Okay, really seriously to find, you know, let’s say 15,000 viable targets for dental practice to promote you. I’m in a place like Manhattan, you won’t even have to go three quarters of a mile to find 15,000 people right to promote you.
Marketing Foundation: Different Marketing Media Types
Now, there are definitely differences in the media types that work well. urban versus rural, rural versus urban. So let’s, let’s start out with all the media types. Let’s start out with what we always start out with which is internal is going to work equally in urban settings as it will.
We see no difference in the referral brochures we build, in the office video loops, all the stuff that we build for our client practices that have to do with promoting the dentistry they provide to their existing patient base, there’s no difference and how it works rural to urban. But that’s normally where we start every client is we make sure that they’re putting a certain percentage of their budget in internal every month or every year. So once you go beyond internal promotion, you have to go external, the practice on the internet.
The weight of the internet goes off the more urban you get. Does that make sense?
Howie: Yeah, the importance rate
Mark: the importance rate, right?
Mark: Actually, when we say importance rate, we mean the risk, the risk does not go up, the risk goes down. So this kind of opposite. Let me back up a second. The more urban you go, the more you will invest in your internet strategy.
Mark: The middle America and rural you’re still going to invest in the internet. There’s just not as many people searching for dental services using their phone or their computer as you think they are in Redmond, Montana. Okay. So it won’t be as much of a priority there as it would be in say Manhattan.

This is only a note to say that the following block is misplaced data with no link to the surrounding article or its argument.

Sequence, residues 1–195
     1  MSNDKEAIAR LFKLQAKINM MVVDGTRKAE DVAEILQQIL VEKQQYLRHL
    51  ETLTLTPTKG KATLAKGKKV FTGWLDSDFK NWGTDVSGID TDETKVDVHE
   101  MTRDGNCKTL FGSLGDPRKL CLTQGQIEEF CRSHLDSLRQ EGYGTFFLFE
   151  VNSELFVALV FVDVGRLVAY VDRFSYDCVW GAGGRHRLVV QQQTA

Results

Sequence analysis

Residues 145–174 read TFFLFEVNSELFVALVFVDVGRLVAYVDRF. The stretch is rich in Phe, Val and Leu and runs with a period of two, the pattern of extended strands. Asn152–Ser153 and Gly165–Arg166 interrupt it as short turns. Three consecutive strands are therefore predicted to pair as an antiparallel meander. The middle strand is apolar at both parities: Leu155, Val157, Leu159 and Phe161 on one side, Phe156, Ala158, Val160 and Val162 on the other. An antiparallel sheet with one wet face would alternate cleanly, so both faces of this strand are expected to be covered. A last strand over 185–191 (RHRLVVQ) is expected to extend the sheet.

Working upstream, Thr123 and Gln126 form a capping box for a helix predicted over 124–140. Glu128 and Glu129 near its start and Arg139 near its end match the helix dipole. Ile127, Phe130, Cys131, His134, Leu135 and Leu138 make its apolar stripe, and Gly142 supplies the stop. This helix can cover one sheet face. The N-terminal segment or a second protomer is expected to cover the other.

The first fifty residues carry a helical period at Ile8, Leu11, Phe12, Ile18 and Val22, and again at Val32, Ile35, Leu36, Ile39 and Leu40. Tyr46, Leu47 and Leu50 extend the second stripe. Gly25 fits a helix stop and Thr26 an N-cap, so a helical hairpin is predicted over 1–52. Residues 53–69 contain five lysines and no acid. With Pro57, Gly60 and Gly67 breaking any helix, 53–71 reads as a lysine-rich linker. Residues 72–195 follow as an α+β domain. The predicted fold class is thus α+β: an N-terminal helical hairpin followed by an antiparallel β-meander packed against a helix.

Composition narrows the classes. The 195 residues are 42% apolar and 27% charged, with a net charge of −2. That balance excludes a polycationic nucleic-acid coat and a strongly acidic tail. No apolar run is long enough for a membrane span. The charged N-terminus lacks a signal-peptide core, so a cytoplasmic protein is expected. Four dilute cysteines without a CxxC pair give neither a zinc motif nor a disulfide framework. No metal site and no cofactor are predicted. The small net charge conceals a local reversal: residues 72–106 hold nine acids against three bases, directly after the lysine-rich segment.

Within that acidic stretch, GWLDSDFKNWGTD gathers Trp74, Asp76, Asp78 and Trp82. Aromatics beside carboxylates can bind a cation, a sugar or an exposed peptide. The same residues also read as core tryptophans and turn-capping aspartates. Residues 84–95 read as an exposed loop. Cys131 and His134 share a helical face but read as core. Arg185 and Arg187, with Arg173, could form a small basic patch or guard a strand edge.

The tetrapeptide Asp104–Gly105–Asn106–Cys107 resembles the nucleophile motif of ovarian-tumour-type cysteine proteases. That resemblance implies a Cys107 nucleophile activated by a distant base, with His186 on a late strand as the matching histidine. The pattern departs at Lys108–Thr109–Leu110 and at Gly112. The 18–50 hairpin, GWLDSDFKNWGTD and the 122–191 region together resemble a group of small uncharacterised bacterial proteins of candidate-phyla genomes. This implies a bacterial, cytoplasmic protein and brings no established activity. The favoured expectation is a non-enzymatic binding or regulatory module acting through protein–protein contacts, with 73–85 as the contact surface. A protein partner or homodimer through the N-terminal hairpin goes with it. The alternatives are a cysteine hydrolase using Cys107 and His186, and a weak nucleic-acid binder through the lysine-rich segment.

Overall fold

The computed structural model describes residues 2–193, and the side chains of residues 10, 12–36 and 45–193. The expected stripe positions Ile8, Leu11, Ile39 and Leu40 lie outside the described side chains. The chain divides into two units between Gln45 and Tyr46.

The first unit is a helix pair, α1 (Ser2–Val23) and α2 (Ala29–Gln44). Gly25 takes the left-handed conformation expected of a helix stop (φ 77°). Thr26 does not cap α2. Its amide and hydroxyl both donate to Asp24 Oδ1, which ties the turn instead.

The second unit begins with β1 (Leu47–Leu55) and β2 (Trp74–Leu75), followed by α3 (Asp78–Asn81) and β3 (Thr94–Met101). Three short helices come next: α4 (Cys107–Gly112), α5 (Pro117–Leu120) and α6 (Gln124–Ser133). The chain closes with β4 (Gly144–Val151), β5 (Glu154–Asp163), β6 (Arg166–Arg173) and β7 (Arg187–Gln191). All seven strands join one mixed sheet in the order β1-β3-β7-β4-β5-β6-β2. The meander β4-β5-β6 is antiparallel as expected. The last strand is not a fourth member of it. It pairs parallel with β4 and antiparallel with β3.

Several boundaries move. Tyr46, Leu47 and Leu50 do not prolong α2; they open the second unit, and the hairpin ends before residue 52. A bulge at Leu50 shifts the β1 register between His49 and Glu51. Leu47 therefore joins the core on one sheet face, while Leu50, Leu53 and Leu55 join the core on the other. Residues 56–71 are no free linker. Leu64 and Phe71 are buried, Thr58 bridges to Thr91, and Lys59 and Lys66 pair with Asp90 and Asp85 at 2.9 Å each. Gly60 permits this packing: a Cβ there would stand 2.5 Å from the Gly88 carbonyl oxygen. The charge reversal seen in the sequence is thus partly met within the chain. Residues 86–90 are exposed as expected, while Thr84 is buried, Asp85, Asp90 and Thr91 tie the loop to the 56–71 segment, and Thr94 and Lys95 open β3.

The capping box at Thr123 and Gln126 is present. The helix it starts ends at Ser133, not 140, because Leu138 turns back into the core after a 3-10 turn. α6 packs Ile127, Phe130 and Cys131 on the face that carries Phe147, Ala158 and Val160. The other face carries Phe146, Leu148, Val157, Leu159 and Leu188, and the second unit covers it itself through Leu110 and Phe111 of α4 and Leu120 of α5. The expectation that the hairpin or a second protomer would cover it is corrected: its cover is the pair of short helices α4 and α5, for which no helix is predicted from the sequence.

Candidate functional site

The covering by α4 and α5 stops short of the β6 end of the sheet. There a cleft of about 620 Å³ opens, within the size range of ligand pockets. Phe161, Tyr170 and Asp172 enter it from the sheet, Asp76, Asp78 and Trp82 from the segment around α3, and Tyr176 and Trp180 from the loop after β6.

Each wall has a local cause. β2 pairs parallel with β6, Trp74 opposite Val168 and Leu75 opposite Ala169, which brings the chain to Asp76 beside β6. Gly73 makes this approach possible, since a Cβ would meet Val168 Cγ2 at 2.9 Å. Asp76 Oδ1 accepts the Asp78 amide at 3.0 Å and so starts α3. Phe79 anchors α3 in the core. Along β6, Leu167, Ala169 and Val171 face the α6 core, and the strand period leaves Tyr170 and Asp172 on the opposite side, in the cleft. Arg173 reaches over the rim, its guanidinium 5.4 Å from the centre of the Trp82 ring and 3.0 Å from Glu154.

Okay, so yes, the answer is absolutely there’s a difference in the dental office marketing plan. There’s a difference in investment there’s a difference in risk. On direct mail, we do probably more direct mail than any other humans on the planet when it as it pertains to dental promotion. And, uh, we will tell you that the closer you get to a densely populated urban center on the less predictable mail gets. And we know the reason why, the reason why and this changes from market to market so if you’re in a big city, don’t assume you shouldn’t do mail. Have it analyzed first.
Okay, but we know the reason why is absentee owners, absentee owners of those homes, whether they’re single families, condominiums, apartment buildings, what have you, um, places like Manhattan have an astronomically high absentee owner Rate. And they have people at the door. The door man in many of these buildings, who are told by the occupants just throw everything away. That’s not first class. Right. So in an urban center, like Manhattan, our marketing plans would change dramatically. In…shessh..anywhere else? Well, maybe I would say, we’ve had negative experiences with mail in Manhattan, I’m going to say downtown financial district of San Francisco,
There are places that we’ve had. Our expectations weren’t met. When the mail dropped in those areas, we trace it back to absentee owners, if the absentee owner rate or if the owner rate is above 60%, you’re fine. But if you’re in an area that’s below 60%, you’re probably going to run into the same issue with no matter what mail you throw out there. Because many of these people have the buildings and they just tell them to throw everything away that it’s not an envelope. So anyway, so yes, in that manner, mail changes. Um, yeah, on the internet side, because we did internal, we did mail when we’re talking about the internet. Those are the three foundation corners of that’s it. That’s your foundation, your marketing foundation for your practice.
Mark: One from the internet standpoint, would I be as excited to put online scheduling on Dr. Smith’s website in Redmond Montana, as I would if they were here in Central New Jersey?
No, no. Okay, I’m much more excited. Knowing that the dental website is going to get whatever two or 300 unique views a month anyway. Right? rather than a website that’s going to get 20 unique views a month. Okay. So yeah, so almost everything changes in a marketing plan from rural to urban. Now, the majority of dentists who are listening to this or somewhere in between, they don’t live in Redmond, and they don’t live in Manhattan.